Autophagy protein microtubule-associated protein 1 light chain-3B (LC3B) activates extrinsic apoptosis during cigarette smoke-induced emphysema Academic Article uri icon


MeSH Major

  • Apoptosis
  • Lung
  • Microtubule-Associated Proteins
  • Pulmonary Disease, Chronic Obstructive
  • Pulmonary Emphysema
  • Smoking


  • Chronic obstructive pulmonary disease (COPD) is a debilitating disease caused by chronic exposure to cigarette smoke (CS), which involves airway obstruction and alveolar loss (i.e., emphysema). The mechanisms of COPD pathogenesis remain unclear. Our previous studies demonstrated elevated autophagy in human COPD lung, and as a cellular and tissue response to CS exposure in an experimental model of emphysema in vivo. We identified the autophagic protein microtubule-associated protein 1 light chain-3B (LC3B) as a positive regulator of CS-induced lung epithelial cell death. We now extend these initial observations to explore the mechanism by which LC3B mediates CS-induced apoptosis and emphysema development in vivo. Here, we observed that LC3B(-/-) mice had significantly decreased levels of apoptosis in the lungs after CS exposure, and displayed resistance to CS-induced airspace enlargement, relative to WT littermate mice. We found that LC3B associated with the extrinsic apoptotic factor Fas in lipid rafts in an interaction mediated by caveolin-1 (Cav-1). The siRNA-dependent knockdown of Cav-1 sensitized epithelial cells to CS-induced apoptosis, as evidenced by enhanced death-inducing signaling complex formation and caspase activation. Furthermore, Cav-1(-/-) mice exhibited higher levels of autophagy and apoptosis in the lung in response to chronic CS exposure in vivo. In conclusion, we demonstrate a pivotal role for the autophagic protein LC3B in CS-induced apoptosis and emphysema, suggestive of novel therapeutic targets for COPD treatment. This study also introduces a mechanism by which LC3B, through interactions with Cav-1 and Fas, can regulate apoptosis.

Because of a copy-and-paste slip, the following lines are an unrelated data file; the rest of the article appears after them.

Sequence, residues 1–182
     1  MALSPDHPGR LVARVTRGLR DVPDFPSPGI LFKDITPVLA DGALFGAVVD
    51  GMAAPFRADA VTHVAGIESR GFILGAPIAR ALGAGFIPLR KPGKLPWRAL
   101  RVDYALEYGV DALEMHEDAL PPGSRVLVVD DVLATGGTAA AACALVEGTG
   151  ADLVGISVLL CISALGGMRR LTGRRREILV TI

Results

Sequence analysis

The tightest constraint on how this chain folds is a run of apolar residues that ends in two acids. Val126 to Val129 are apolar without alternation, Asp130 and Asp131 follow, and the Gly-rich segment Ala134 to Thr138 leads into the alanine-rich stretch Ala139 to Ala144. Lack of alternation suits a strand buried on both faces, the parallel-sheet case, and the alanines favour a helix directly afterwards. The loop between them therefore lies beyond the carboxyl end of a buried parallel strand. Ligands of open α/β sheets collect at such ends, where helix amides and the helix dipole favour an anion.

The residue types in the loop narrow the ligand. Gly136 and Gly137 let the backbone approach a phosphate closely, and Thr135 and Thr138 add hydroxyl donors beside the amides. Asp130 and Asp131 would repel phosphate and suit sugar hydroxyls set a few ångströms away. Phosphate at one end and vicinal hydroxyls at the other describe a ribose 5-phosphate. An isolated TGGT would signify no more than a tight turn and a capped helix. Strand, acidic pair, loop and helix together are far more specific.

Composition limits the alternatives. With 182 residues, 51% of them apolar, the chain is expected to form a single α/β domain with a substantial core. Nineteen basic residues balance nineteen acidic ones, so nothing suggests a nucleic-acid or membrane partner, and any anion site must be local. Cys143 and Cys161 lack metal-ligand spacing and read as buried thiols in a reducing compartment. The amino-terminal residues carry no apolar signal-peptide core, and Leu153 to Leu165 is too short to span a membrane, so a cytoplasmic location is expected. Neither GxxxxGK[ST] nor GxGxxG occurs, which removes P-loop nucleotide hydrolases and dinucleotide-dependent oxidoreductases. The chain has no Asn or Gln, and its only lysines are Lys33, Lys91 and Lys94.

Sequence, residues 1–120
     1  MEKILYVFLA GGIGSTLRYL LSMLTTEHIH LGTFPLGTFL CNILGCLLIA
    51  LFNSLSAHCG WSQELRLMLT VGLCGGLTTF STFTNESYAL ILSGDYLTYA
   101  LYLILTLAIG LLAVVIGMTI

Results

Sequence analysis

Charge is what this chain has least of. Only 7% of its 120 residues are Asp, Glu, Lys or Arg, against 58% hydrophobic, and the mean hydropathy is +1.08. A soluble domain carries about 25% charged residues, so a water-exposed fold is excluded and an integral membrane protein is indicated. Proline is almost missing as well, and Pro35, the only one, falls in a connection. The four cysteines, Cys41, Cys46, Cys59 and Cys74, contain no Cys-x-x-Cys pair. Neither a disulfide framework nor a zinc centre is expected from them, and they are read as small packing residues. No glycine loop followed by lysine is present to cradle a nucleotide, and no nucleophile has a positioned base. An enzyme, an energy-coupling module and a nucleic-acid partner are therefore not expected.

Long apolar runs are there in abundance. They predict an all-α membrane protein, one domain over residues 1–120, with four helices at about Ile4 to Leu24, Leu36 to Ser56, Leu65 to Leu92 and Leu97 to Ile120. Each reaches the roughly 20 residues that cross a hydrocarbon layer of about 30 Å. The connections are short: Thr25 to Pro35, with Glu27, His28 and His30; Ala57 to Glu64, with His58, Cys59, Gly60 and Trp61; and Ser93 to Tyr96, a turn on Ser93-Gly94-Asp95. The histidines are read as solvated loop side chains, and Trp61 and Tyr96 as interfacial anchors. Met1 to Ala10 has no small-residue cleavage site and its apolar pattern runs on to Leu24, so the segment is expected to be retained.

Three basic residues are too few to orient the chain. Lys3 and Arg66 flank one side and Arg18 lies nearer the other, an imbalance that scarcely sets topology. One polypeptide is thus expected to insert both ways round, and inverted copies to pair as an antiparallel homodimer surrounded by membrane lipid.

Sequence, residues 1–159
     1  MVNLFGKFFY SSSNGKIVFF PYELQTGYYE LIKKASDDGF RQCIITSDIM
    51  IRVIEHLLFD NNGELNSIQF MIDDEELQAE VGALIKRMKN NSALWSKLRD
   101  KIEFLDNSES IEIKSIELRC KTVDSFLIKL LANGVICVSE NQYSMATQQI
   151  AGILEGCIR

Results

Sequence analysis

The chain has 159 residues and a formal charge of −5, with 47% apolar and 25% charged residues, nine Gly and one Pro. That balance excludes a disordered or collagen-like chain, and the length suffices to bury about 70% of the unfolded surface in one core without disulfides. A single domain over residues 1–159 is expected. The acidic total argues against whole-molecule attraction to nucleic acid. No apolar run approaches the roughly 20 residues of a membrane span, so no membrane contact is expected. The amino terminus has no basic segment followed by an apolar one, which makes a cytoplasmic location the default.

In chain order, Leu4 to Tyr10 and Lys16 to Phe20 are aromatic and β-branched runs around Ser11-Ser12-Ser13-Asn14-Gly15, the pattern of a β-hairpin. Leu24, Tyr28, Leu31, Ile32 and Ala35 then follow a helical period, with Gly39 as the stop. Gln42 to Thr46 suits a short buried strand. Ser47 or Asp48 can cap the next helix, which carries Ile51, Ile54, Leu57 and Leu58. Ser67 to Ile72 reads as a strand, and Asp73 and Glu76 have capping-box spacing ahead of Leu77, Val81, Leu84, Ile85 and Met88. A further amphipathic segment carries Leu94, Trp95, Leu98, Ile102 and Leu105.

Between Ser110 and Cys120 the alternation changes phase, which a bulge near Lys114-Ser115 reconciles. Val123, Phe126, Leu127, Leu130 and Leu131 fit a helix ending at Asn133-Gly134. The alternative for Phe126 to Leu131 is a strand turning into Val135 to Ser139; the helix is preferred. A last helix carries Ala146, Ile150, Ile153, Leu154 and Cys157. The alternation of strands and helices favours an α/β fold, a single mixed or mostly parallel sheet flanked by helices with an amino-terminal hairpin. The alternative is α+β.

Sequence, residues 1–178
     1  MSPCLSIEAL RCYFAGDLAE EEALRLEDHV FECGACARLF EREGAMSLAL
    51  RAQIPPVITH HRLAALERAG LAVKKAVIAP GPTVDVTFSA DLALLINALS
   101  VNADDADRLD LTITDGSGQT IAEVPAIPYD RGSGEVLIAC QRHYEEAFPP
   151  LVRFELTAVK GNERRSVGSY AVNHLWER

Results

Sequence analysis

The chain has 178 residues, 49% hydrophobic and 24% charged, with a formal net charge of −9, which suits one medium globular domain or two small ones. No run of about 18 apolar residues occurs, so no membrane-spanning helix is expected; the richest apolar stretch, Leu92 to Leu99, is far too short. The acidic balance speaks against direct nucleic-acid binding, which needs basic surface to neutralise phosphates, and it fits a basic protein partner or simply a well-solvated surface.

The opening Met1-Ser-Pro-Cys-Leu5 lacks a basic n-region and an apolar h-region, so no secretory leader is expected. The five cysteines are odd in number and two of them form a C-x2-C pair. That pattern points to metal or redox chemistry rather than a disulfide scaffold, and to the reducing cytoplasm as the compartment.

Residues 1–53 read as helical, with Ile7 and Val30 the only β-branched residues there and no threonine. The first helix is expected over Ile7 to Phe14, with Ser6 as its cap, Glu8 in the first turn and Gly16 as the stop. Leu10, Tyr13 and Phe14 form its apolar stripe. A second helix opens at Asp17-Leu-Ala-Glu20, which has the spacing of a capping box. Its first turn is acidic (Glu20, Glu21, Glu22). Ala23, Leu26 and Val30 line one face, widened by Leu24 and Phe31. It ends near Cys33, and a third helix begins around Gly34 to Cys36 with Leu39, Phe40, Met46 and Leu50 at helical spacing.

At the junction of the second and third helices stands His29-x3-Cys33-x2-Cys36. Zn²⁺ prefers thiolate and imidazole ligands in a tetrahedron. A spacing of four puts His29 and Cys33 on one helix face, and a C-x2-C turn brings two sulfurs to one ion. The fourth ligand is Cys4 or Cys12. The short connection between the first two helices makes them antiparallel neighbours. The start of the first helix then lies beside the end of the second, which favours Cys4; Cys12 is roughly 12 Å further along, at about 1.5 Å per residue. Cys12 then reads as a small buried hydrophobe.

publication date

  • November 2, 2010



  • Academic Article



  • eng

PubMed Central ID

  • PMC2973911

Digital Object Identifier (DOI)

  • 10.1073/pnas.1005574107

PubMed ID

  • 20956295

Additional Document Info

start page

  • 18880

end page

  • 5


  • 107


  • 44